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Valencia: Watching Man United is painful for me

Having finally left Old Trafford in the summer, the Ecuadorian wide man still has a deep emotional investment in his former team.

Antonio Valencia (file pic).
Antonio Valencia (file pic).

ANTONIO VALENCIA has admitted that he struggles to watch Manchester United as it is “painful” for him to follow his former team.

Valencia moved back to his native Ecuador in the summer, joining LDU Quito on a free transfer after he was released by the Red Devils. He spent 10 years at Old Trafford and, now 34, is entering the twilight of his career.

Speaking to The Athletic, Valencia revealed that he does not keep up with United as closely as some might think. “Honestly, I do not watch all of the games now,” he said. ”It is painful for me.

“I try to watch but it makes me very sad. I have United in my heart: the city, the fans, 10 years of my life. It is too hard to watch the defeats. I miss being there.”

Valencia won two Premier League titles under Sir Alex Ferguson and, while the side struggled in subsequent years and he evolved from a flame-heeled winger into an industrious full-back, he left the club as a fan favourite.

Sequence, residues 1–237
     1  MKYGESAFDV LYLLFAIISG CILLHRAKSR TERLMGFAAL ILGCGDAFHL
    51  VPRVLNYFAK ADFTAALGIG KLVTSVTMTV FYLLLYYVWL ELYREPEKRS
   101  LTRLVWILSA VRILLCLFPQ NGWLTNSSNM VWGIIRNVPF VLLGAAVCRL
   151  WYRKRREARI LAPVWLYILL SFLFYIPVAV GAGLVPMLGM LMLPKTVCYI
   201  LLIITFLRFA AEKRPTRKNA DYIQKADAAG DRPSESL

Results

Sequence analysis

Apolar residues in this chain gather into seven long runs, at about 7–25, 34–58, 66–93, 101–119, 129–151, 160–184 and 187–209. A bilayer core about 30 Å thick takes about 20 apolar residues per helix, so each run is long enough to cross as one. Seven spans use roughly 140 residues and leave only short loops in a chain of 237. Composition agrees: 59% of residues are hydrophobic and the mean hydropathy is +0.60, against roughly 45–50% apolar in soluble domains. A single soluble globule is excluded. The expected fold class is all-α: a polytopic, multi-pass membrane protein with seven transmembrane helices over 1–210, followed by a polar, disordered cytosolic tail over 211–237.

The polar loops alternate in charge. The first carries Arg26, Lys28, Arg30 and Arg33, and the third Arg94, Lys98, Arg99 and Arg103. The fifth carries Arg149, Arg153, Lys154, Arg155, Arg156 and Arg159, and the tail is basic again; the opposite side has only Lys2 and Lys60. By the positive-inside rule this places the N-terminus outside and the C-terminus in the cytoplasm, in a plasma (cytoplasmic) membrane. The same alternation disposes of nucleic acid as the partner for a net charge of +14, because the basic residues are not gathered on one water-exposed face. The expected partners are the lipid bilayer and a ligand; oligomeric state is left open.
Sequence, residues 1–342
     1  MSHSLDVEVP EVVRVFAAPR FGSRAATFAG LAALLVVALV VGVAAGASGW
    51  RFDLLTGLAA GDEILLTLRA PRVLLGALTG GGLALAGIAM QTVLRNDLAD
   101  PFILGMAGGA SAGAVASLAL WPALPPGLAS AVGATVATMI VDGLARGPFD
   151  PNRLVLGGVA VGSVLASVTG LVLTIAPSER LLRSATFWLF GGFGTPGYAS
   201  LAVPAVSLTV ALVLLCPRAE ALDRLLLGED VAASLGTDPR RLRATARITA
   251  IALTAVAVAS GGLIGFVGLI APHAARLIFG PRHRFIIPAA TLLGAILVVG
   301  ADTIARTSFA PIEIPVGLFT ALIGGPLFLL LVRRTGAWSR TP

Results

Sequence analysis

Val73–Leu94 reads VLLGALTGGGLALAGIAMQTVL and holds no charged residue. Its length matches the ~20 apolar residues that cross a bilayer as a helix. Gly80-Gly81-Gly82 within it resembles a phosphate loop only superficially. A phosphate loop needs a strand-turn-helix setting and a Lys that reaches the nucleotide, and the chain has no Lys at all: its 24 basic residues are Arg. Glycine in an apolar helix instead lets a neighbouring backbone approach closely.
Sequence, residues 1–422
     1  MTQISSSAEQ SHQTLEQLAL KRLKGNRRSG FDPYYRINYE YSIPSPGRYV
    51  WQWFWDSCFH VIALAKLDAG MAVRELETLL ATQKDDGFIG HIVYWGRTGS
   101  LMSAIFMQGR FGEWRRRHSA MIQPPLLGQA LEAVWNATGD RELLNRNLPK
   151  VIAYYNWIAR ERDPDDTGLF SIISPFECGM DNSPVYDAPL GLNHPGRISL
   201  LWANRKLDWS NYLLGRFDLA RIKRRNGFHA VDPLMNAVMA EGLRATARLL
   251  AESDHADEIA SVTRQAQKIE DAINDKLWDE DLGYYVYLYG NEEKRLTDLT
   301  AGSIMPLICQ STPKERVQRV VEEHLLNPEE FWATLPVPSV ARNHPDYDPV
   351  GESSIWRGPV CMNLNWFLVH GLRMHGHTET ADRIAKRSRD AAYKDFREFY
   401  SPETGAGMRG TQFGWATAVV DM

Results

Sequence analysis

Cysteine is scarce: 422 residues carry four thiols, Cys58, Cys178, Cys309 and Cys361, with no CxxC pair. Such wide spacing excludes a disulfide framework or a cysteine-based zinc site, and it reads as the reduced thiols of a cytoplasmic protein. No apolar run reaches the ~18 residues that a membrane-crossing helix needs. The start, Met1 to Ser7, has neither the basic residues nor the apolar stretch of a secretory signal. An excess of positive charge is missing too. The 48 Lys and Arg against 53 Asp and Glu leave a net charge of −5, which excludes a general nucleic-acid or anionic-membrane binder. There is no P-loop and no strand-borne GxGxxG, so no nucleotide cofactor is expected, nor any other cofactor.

Reflecting on what made United so successful under Ferguson, he said: “This was a team of absolute winners. I remember arriving at United and winning a game at the weekend. I thought: ’Phew, now we can relax a little.’ Then straight away everyone was talking about winning the next game.

There was never time to enjoy the wins. But that’s what title winners do. I’d get to training: Patrice Evra, Wayne Rooney, Ryan Giggs were all in the gym, way before training started. I am thinking: ’These guys have Champions League winners’ medals, they are multi-millionaires, and here they are in the gym at 7am?’ 

“Imagine that determination, that inner steel, that hunger. As a young player, what a lesson: these people are not only winners but they are addicted to winning.

“[They were] demanding, too. The players policed the dressing room. There was nothing worse than lateness from a young player, because 34-year-olds had arrived two hours before to do extra work.

“Do people realise these hard yards? They see results, who wins and who plays well, but they don’t get to see the sacrifices.

Giggs, for goodness sake! I got there when he was [in his] mid-30s and he’s taking up yoga so he can keep winning and then he’s leading the way in fitness drills. Amazing.”

After coming from behind to seal a draw against Sheffield United this past weekend, Man United face Astana in the Europa League on Thursday before returning to Old Trafford against Aston Villa on Sunday.

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